20 of 22 people found the following review helpful
Opened My Eyes 26 April 1999
By A Customer - Published on
Format: Hardcover
I worked with Linda closely for a year when she had small children in the Mid-1980's. I was very touched and disturbed by this book. I found it to the point, but forgiving. I commend Linda for her resiliency and candor. I know that to write this book she had to rediscover many guarded memories. I encourage all to read it. Anne Sexton was a complicated, brilliant artist. Her life was fascinating to read about, especially from her daughter's intimate perpective. The poems that were included helped me to more fully understand the artist and woman through the different stages of her life. I hope Linda writes again.
20 of 22 people found the following review helpful
Absolutely heart-breaking but written with love. 2 Jan. 1998
By Jennifer W. Miller - Published on
Format: Hardcover
I could not put this book down. Linda Gray Sexton's honesty was enlightening. She portrayed her mother as more than a woman with a mental illness. It is a portrait of a smart intelligent woman struggling to find meaning in her mentally ill life who at times rises above it but eventually succumbs. It is evident that Anne loved her daughters, but showed it in atypical ways. After reading this book, I find myself very interested in the work of Anne Sexton and her life. It gives a fresh and candid glimpse at this amazingly talented, yet tragic woman and a daughter who struggled to make sense out of her mother's love.
18 of 20 people found the following review helpful
Honesty Can Be Pure Hell 20 Dec. 2004
By My Inner Chick - Published on
Format: Paperback Verified Purchase
"My mother died of depression. She took her life to end her pain." --Linda Gray Sexton

Living with Anne Sexton must have been like living in hell--and her daughter, Linda Gray Sexton, leaves absolutely nothing out of this book. She allows every dirty secret to emerge like a sort of bitterness filling the air.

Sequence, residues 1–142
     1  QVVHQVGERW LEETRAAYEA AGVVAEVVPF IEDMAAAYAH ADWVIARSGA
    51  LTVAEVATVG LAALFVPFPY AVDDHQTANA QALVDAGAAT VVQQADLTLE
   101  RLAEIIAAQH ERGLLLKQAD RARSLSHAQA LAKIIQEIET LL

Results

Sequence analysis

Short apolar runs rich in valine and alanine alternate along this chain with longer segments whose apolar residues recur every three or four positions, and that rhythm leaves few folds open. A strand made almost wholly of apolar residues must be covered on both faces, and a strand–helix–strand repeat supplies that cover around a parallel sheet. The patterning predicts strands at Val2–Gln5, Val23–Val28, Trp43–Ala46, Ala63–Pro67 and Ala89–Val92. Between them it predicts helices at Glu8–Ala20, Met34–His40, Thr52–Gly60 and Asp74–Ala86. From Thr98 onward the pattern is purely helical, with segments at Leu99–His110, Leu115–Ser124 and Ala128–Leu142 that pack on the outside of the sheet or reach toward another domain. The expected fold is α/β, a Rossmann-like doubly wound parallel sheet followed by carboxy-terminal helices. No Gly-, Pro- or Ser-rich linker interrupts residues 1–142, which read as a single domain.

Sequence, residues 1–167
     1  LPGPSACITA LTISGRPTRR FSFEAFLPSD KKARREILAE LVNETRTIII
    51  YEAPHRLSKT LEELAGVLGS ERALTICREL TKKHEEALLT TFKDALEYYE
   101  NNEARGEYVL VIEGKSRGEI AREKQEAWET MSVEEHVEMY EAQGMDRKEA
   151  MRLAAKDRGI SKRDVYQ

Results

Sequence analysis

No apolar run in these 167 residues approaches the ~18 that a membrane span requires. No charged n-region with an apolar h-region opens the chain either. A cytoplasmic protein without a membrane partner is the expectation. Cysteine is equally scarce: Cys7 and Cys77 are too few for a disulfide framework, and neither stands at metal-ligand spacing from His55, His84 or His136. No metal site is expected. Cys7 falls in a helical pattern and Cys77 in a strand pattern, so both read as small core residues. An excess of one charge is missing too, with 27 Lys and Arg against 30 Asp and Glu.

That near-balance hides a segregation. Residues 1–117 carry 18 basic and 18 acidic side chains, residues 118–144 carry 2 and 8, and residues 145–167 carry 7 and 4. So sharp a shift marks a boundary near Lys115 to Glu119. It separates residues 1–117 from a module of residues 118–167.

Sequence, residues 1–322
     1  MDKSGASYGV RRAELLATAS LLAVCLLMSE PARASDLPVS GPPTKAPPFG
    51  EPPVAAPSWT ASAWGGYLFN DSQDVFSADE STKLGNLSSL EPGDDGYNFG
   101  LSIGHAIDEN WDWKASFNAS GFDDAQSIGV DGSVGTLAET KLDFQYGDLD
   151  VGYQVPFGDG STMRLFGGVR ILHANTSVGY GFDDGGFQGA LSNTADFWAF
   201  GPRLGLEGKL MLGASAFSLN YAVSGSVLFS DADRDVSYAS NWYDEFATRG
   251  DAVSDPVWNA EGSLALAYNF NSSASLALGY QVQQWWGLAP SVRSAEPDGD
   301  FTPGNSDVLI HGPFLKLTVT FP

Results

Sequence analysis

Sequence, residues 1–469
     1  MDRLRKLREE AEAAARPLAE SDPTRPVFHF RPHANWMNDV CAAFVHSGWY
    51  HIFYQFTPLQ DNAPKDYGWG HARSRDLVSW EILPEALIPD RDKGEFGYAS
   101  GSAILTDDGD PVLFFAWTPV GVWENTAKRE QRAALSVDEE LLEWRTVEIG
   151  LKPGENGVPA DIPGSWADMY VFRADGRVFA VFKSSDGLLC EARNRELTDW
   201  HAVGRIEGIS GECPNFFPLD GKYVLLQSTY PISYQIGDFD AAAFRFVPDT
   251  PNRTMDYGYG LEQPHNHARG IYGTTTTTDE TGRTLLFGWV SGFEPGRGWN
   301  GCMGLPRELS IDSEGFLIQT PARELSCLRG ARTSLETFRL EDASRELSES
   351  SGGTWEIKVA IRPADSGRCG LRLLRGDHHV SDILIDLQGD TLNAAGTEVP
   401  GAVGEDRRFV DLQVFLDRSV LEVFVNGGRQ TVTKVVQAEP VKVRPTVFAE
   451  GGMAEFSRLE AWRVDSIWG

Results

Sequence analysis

Such as Anne's body lying on top of her-- "She's very heavy...I want to scream-get off, get off, get off!"--Linda Gray Sexton

Without Linda G. Sexton's honesty, "Mercy Street" would have been just another Mommy Dearest, but this was not. This book was about therapy, change, and forgiveness: this book was about new beginnings.

"Without knowing it, mother passes out to me her powers of observation. She shows me how to watch, how to see, how to record what transpires in the world around me. This is how I inherit her greatest gift..."--Linda Gray Sexton

"Searching for Mercy Street" was about rising above an environment which could have easily turned one into the same monsters you coexisted with--

But Linda Gray does not only show the reader the monster, the molester, the mentally ill, Anne Sexton-- she shows us the victim, the darkly depressed poet-- who without writing, would have killed herself long ago; she shows us a mother who did the best she could,even while walking through the dark.

Linda Gray Sexton finally arrives whole--In a world for her that was once motherless--

Now, after years of searching, she has found the mother within, and Anne Sexton herself,with all her imperfections, lives within that person too.
14 of 16 people found the following review helpful
captivating, enthralling 10 Dec. 2004
By Belinda - Published on
Format: Paperback
I actually read this book while it was in production -- I was on the proofreading team for the publisher's typesetter -- and the entire team was enthralled by this book. Work is work, and usually we would would deal with the task at hand, but on breaks and over lunch, many of us working on this book would have mini-sessions about the author, her mother, the context of the relationship. We all felt very personally attached and protective of this book because we were working with the manuscript, which had handwritten notes between the author and her editor in the margins. It wasn't simply a narrative, we were keenly aware of the humanity behind the words. However, that awareness was truly heightened by the sensitive and thoughtful writing. Of course, my reading experience is unique to my situation, but I urge all readers to give this book some time. It's worth the investment.